So kyon visrai or Akhan Jeevan

I was in the basement of the American Sikh Aashram. The year was 1995. I felt like composing something new. All I had for material was the Nitnem gutka, which is often used to recite the daily prayers of the Sikhs. And I stumbled onto Guru Nanak's shabad, Aakhan Jeevan (saying I live, forgeting I die).

I sang this shabad for the first time in sangat at an IIGS program at our home in March 1996.

Then, and for several years, I sang the shabad starting with Aakhan Jeevan; it was still quite beautiful. However, lately I have been singing it from the rahao tuk. I believe several hidden rhymes are unearthed when one sings the shabad using the rahao tuk.

Here is a recording:
I use the gandhar to depict life, and fall to dhaivat to depict death.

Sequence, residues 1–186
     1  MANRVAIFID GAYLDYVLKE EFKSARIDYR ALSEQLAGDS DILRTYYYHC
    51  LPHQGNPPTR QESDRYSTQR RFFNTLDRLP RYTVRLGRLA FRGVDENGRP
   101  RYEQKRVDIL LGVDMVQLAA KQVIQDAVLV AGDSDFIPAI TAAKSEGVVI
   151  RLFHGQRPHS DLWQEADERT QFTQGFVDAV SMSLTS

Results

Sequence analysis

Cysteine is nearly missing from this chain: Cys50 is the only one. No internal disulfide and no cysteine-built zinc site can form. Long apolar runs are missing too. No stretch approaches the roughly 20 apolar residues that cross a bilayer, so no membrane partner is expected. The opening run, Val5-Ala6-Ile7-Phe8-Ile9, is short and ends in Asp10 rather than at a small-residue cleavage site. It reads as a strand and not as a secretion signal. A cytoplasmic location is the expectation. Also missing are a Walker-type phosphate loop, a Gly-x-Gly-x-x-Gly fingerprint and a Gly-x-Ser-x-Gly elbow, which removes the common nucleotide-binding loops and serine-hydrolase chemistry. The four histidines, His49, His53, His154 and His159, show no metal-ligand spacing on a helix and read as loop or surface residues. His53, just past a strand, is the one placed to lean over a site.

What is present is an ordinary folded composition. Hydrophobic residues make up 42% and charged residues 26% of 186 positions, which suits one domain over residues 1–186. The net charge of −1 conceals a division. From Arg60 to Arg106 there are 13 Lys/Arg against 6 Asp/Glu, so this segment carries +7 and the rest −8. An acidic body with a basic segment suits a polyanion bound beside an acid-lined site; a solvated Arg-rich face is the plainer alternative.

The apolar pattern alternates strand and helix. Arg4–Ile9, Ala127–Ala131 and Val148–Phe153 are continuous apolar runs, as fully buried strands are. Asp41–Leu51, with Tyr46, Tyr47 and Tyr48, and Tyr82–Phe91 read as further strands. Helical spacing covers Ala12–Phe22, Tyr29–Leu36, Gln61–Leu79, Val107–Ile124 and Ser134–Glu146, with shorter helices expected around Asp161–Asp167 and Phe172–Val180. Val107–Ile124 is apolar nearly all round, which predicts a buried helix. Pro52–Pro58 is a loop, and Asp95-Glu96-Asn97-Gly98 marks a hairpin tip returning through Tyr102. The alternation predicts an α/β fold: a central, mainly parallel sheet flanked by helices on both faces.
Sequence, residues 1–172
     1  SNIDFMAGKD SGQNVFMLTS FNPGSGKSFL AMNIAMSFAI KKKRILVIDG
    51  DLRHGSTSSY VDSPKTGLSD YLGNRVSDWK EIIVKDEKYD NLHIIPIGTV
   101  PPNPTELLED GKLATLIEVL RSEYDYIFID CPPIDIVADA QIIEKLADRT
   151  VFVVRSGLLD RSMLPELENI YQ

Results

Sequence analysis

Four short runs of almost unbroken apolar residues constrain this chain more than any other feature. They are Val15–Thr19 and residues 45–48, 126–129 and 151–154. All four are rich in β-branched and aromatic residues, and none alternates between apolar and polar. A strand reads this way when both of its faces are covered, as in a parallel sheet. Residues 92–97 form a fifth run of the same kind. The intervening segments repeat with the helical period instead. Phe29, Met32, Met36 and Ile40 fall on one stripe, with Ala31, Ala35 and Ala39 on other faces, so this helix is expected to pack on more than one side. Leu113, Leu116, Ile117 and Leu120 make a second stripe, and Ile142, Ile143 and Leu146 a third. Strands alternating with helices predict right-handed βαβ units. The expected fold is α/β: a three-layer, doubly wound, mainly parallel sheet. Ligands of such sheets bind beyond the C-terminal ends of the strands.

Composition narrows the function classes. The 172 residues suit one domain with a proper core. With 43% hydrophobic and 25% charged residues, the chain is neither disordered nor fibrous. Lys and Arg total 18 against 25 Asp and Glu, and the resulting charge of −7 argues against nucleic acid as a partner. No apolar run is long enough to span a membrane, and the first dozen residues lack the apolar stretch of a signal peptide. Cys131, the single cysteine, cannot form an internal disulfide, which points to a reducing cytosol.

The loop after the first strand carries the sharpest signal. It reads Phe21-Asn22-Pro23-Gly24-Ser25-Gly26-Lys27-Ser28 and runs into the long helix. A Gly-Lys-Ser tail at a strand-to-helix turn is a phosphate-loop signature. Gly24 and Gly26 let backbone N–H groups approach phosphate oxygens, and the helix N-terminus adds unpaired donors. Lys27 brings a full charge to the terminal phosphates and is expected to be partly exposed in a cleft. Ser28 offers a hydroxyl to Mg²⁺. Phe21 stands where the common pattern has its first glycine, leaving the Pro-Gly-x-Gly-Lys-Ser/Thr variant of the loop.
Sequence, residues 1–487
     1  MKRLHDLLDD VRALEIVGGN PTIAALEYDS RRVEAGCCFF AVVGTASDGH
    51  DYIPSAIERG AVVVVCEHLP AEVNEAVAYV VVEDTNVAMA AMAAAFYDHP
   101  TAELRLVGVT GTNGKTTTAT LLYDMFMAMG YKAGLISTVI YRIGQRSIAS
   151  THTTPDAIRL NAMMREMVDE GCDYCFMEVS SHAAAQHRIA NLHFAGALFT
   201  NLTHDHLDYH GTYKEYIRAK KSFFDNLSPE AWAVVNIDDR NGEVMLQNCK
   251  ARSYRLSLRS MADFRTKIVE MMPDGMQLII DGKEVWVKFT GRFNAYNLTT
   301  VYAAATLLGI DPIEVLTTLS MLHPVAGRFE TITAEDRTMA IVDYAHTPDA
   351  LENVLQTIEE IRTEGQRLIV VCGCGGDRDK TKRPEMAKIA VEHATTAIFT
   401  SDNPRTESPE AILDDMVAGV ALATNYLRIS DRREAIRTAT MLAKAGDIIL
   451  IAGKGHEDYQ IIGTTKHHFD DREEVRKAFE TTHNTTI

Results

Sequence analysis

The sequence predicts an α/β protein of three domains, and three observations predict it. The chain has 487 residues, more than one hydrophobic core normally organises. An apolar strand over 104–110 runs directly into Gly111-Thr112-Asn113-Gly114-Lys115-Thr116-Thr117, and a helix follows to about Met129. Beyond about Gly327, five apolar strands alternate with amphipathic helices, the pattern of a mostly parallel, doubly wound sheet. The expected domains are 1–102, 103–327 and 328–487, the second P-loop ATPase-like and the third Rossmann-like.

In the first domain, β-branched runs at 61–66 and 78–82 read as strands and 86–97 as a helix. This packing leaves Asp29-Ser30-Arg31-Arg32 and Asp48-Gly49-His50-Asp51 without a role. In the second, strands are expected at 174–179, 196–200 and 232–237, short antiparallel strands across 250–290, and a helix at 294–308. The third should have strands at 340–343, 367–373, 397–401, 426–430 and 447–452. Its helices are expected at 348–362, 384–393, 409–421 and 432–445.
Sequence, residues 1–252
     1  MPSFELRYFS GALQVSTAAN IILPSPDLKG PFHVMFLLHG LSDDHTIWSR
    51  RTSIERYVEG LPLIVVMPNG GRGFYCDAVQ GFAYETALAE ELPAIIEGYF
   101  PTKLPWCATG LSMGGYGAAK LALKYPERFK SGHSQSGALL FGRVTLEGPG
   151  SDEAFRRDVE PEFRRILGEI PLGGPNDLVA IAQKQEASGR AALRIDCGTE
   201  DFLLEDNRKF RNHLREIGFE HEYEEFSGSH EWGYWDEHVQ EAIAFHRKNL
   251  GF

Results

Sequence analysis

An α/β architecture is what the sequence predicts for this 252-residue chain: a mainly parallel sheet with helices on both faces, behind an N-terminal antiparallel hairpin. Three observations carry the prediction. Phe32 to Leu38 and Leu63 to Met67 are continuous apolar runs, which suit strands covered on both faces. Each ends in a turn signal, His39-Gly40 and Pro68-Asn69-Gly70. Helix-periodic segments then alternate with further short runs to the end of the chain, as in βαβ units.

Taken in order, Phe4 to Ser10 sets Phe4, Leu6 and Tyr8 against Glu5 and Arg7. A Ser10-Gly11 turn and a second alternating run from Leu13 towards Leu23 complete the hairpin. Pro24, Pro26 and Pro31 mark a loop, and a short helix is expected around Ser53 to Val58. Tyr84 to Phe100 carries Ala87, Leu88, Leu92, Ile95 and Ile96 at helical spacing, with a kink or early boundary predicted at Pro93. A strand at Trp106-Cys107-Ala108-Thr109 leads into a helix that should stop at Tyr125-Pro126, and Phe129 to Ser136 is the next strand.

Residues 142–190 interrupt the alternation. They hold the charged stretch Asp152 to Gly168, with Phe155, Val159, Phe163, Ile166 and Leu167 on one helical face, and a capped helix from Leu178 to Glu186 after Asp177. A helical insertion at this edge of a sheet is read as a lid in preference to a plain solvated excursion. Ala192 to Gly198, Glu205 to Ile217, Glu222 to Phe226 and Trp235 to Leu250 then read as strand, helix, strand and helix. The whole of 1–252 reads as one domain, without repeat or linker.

Raag Charukeshi is a more recent addition to North Indian Classical music.

This raag a unique balance between the two modes of western music: major and minor, and therefore it uniquely amalgamates two diametrically opposite feelings of happiness and sadness. (Charukeshi can exude just sadness if 'Ma' is the vadi, because then it sounds just like the western minor mode -- listen to Schubert Impromptu Op. 90, No. 1

Notice the usage of the both gandhars and both dhaivats in this version of Charukeshi by Pandit Vishwanath:

The following video shows how the raag has been used in a Bollywood classical song: the happiness of an engagement event, and the merry dancing couples, and in sharp contrast with the sadness of the singer who is losing his girl to this engagement. Suresh Wadekar, who is one of the most riyaaz-perfected singers in the industry, sings this song.
Aur Is Dil Main Kyaa Rakha Hai

Notes from Feb 8, 2011
This might be raag Ahiri instead of Charukeshi.
The recording:
Nikhil Banerjee's recording:

Gopal Tera Aarta - Bhai Amrik Singh Zakhmi

Dr. Gurnam Singh sings this shabad in Raag Asa.

So Kyon Visrai Meree - Dr. Gurnam Singh (Chanchal)